The Purpose of the Past (audiobook)

Reflections on the Uses of History

10.8 hrs • 9 CDs• 1 MP3 CD • Unabridged
Nonfiction/History
Target Audience: Adult
Release Date: 01/01/08
FORMAT PURCHASED RELEASE ISBN MARC PRICE ADD TO CART
Library CD Library Edition CD titles are packaged in an attractive, full-sized, durable vinyl case with full color art. Cloth Sleeves keep compact discs protected and in numerical order. 
- 03/01/08 9781433210044
$81.00
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MP3 CD MP3-CDs: Come in a durable vinyl case similar to a dvd case. An index of contents and tracking information are included within the Mp3-CD format. MP3's can be played on any compatible CD player 
- 03/01/08 9781433210075
$29.95
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Playaway Playaway: Playaway editions are a pre loaded audio device that is half the size of deck of cards. Simply plugin headphones and listen. 
- 01/01/08 9781605147932
$64.99
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Summary

History is to society what memory is to the individual—without it, we don’t know who we are and we can’t make wise decisions about our future. But while the nature of memory is constant, the nature of history has changed radically over the past forty years.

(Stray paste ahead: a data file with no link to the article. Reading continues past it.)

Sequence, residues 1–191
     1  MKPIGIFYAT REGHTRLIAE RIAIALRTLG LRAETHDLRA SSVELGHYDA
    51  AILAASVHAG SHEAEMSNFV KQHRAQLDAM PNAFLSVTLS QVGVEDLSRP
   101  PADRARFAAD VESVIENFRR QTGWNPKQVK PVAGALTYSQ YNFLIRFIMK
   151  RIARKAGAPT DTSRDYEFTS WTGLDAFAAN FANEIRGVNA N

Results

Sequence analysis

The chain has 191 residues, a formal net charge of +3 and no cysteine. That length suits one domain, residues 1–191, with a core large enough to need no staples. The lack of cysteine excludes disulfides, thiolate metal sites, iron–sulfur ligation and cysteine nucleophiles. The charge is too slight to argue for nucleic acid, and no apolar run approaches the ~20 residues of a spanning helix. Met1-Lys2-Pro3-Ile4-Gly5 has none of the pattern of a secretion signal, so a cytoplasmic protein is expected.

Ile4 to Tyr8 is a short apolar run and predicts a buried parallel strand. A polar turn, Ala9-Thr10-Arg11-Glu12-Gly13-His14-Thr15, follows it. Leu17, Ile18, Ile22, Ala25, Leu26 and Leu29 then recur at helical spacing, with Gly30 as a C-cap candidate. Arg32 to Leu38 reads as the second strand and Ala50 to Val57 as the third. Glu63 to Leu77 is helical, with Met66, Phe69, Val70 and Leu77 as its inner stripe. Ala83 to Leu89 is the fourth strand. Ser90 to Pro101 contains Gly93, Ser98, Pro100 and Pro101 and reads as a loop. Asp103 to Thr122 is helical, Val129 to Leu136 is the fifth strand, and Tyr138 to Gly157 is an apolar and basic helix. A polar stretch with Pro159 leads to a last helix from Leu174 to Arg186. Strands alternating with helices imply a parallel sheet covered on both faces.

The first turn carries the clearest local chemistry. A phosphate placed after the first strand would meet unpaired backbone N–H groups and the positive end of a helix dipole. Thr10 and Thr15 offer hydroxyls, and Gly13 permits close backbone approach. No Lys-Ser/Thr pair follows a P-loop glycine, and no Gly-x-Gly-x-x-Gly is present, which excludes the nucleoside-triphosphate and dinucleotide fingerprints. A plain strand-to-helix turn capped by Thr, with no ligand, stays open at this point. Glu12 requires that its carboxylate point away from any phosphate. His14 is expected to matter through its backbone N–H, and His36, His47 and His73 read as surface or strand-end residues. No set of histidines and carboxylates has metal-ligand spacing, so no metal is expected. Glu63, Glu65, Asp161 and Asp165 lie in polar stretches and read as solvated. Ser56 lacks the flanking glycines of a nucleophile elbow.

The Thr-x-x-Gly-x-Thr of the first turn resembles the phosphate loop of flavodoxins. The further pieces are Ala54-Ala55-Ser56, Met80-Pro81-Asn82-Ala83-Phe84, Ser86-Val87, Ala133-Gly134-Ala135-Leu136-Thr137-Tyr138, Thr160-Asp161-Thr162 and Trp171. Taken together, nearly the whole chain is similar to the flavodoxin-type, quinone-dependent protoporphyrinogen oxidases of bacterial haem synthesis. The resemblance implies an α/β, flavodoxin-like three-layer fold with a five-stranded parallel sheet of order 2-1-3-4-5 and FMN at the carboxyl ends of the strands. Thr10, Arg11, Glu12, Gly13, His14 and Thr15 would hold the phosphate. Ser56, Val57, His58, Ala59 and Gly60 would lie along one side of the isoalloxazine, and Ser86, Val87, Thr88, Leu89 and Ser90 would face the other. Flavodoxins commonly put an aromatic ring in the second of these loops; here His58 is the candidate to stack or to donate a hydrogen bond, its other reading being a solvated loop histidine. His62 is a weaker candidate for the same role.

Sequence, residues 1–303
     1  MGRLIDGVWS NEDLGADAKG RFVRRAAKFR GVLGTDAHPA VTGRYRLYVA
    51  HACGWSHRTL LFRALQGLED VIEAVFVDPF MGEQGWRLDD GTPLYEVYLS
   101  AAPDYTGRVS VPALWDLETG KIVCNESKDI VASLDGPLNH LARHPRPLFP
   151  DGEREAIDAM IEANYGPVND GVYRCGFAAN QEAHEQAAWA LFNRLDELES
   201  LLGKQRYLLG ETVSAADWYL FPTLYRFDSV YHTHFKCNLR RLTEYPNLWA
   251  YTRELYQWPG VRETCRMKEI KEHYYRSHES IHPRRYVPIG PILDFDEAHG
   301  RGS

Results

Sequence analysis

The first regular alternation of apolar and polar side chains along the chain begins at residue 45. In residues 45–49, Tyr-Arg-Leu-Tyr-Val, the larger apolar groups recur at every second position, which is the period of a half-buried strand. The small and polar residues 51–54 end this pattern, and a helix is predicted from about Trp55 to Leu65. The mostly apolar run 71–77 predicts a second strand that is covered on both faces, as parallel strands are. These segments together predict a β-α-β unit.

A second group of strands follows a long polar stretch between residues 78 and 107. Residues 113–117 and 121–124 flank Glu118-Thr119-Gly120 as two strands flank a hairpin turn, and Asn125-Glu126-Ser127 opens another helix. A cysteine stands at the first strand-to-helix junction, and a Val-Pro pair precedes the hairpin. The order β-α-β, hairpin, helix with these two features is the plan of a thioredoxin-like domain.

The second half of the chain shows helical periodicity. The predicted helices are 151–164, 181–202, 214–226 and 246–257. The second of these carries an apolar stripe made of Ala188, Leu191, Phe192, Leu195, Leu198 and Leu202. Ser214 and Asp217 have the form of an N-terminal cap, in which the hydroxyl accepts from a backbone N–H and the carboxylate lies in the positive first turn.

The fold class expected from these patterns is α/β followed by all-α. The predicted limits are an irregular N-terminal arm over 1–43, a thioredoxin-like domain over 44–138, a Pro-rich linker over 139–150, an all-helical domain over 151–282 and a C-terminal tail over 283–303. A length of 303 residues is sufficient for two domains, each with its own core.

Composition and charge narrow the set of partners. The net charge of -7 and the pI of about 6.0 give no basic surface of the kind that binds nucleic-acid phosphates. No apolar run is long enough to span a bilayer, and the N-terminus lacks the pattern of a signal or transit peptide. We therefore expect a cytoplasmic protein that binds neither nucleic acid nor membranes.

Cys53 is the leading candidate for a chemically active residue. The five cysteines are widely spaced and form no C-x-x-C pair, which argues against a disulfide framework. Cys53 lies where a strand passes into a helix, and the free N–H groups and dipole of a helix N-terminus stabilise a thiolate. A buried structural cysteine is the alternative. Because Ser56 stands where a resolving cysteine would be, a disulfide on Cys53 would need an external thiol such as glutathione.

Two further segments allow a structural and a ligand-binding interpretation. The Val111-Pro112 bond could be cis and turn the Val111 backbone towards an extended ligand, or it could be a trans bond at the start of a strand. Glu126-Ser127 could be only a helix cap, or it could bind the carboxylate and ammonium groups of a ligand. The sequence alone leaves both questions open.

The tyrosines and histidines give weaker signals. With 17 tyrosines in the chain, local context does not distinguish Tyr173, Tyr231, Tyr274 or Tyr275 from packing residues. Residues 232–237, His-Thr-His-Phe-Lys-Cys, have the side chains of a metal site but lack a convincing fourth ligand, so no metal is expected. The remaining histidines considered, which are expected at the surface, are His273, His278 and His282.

In The Purpose of the Past, historian Gordon S. Wood examines this sea change in his field through consideration of some of its most important historians and their works. Along the way, he offers wonderful insight into what great historians do, how they can stumble, and what strains of thought have dominated the marketplace of ideas in historical scholarship. The result is a history of American history—and an argument for its ongoing necessity.

A commanding assessment of the field by one of its masters, The Purpose of the Past will enlarge every reader’s capacity to appreciate history.

Review Quotes

“[Wood] possesses as profound a grasp of the early days of the Republic as anyone now working.”

New York Times Book Review

“Essential reading for anyone who cares about history.”

Washington Post

“Illuminating...[Wood’s] pitch-perfect erudition is legendary.” 

Los Angeles Times

“Fruitful reading for academics and history buffs alike.”

Kirkus Reviews